Secondly, the routine in teaching among teachers is dangerous. I recently read a PhD dissertation wrote by Kimberly E. Matier titled, “A Systems Thinking Approach to Educational Reform: Addressing Issues Surrounding Teacher Burnout Through Comprehensive School Change” (Oregon State University). I am worried with the high turnover rate among teachers in Islamic Schools, which makes any form of transformation nearly impossible. So, we need to keep our teachers in high spirit. In our humble school, we allocate Friday as a non academic day, which students will have their halaqah among themselves (the seniors lead the halaqah) and teachers will have our weekly halaqah. So far, almost every week, I share the ITEP contents I learnt with our teachers to make sure they are always in a constant learning process. The knowledge must also be perceived as ‘rizq’, apart of the salary.

By having an Islamic worldview, the teachers will become auto navigators who always check their teaching and learning if they are following the right path or not. The contemporary ideas on pedagogy will also help the teachers to sense and identify the silent pedagogy in a hadith. We cannot see what is not in our mind. So we need to instill the pedagogical senses in our mind.

For example:

Narrated Malik bin Huwairth: I came to the Prophet with some men from my tribe and stayed with him for twenty nights. He was kind and merciful to us. When he realized our longing for our families, he said to us, “Go back and stay with your families and teach them the religion, and offer the prayer and one of you should pronounce the Adhan for the prayer when its time is due and the oldest one amongst you should lead the prayer.”  [al-Bukhari]

This hadith is common to be found when we discuss about Fiqh of Salat regarding who is more preferred to become the Imam. But when we look from the pedagogical point of view, we will see how Rasulullah PBUH being kind and merciful, alerted with the decline of attention among his ‘students’ due to their longing for family. He did not accuse them for being chinless or weak. He acknowledged their emotional conditioned and opted the learning to be switched into practice, at home. I always remember Dale Carnagie’s How To Win Friends when reading this hadith.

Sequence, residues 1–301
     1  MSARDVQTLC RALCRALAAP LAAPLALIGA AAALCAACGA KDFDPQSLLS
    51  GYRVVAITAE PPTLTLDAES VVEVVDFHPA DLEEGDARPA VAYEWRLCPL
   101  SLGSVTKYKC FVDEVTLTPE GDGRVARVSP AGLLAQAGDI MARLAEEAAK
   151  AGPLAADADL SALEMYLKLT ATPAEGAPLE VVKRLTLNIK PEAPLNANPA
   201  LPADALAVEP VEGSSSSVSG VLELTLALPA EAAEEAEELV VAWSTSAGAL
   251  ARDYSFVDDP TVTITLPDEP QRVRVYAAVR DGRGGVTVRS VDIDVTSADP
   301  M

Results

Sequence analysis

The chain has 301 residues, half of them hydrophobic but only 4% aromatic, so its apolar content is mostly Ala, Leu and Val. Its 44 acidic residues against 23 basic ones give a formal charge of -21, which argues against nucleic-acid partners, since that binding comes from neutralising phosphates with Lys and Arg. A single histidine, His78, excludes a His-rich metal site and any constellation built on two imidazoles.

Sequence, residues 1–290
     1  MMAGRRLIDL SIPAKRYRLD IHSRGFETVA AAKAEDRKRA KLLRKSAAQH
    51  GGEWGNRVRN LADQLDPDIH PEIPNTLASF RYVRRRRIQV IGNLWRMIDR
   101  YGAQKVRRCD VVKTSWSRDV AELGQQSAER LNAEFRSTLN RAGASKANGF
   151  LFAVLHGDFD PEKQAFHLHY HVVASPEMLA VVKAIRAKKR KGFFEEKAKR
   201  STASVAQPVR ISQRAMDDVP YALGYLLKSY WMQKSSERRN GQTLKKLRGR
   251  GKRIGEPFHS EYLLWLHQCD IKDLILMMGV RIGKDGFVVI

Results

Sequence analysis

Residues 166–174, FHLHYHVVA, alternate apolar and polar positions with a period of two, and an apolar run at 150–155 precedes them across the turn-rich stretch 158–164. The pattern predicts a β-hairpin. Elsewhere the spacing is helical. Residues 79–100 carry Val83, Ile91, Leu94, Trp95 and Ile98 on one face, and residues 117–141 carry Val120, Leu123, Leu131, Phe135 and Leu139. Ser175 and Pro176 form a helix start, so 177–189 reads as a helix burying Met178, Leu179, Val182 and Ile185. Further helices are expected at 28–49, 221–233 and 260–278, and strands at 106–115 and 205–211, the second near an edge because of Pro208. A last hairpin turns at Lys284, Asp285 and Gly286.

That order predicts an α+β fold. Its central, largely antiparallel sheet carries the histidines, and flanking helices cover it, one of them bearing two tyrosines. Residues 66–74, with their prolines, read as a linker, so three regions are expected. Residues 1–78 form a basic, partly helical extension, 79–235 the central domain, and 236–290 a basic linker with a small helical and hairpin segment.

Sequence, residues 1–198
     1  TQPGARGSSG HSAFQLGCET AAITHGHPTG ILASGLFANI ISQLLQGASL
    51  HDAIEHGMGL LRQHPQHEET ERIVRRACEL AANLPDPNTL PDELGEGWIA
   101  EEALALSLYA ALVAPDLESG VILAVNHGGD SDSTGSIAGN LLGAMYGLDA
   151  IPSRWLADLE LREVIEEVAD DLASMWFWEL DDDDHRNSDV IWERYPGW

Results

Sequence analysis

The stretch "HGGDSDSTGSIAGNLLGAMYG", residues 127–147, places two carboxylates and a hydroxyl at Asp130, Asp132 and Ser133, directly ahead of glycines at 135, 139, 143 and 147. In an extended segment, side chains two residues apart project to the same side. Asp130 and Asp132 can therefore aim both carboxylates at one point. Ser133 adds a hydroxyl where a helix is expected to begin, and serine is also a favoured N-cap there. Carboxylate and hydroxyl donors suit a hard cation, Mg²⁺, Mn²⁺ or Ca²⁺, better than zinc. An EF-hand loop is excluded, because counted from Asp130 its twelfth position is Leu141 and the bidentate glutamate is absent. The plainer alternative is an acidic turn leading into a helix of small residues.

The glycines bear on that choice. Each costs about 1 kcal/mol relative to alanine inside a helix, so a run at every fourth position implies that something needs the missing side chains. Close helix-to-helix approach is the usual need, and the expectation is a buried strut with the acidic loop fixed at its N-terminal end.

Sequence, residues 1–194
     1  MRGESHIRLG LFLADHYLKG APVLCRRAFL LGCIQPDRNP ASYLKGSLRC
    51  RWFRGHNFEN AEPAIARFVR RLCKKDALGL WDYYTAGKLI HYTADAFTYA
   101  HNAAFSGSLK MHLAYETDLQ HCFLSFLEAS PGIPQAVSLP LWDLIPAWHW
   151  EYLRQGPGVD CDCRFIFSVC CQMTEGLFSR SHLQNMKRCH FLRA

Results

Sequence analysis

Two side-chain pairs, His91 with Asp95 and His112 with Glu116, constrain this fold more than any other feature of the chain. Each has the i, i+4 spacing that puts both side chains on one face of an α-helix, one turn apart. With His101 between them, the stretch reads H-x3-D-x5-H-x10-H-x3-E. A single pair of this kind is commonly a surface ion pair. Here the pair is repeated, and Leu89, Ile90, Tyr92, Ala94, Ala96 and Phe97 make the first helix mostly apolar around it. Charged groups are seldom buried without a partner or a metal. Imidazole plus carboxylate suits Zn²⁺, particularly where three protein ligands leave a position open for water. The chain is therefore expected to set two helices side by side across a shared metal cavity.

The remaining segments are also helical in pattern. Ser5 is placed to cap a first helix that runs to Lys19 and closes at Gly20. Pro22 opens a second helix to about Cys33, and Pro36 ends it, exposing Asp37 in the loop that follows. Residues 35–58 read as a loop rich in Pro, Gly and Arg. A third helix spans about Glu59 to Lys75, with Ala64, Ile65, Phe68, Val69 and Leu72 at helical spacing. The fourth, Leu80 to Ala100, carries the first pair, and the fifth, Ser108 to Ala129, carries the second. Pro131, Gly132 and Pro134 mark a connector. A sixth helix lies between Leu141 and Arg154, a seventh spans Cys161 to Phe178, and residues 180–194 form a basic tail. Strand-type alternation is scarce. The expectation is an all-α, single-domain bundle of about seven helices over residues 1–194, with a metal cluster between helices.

Wallahu a’lam



ITEP C103K: Module 1 – Importance of Principles of Teaching

Assalamualaikum WBT.

Dear teacher and friends. Alhamdulillah. Solatan wa salaman ‘ala Rasulillah.

It is a blessing from Allah for allowing me to continue the journey with ITEP which has now embarking our third and last modul, C103K. May Allah guide us and make the path fruitfully smooth and effective.


What is teaching if it is not guided by principles? 

Beforehand, perhaps we should ask, what is life if it is not guided by principles? We cannot separate our teaching from other aspects of our life. When a teacher teaches without principles, the teacher might doing it only to fulfil the bread and butter. The satisfaction relies solely on the external reward. The schooling is easily influenced by industry and other non-educational interests.

But how do we develop principles? 

We develop principles from a world view which is the blue print for any system including education. The world view which shapes our belief system sets the fundamental truth to serve as the foundation where teaching, learning and school administration are working in harmony.

What principles have guided your teaching?

In Q17:70, Allah declared that He honoured the children of Adam and positioned them with definite preference over other creatures. This statement made teachers and students our major capital among the professional capitals we have. Education is human-centered, mainly the learners. The teaching and learning are both characterised with the process of developing and perfecting the full meaning of ‘insan’. Anything that dehumanise student, teachers and staffs, must be removed from all theoretical and practical levels.

Teaching also is part of my belief that the ultimate reason of me being created by Allah is for me to be His servant (‘abd) and vicegerent (khalifah). My integrity is the reflection of me being His servant, and my competency is the reflection of me being His khalifah. Therefore, I must teach according to Allah’s guidance, both from His Syariatullah (al-Quran and al-Sunnah), and Sunnatullah (the Science of teaching and learning).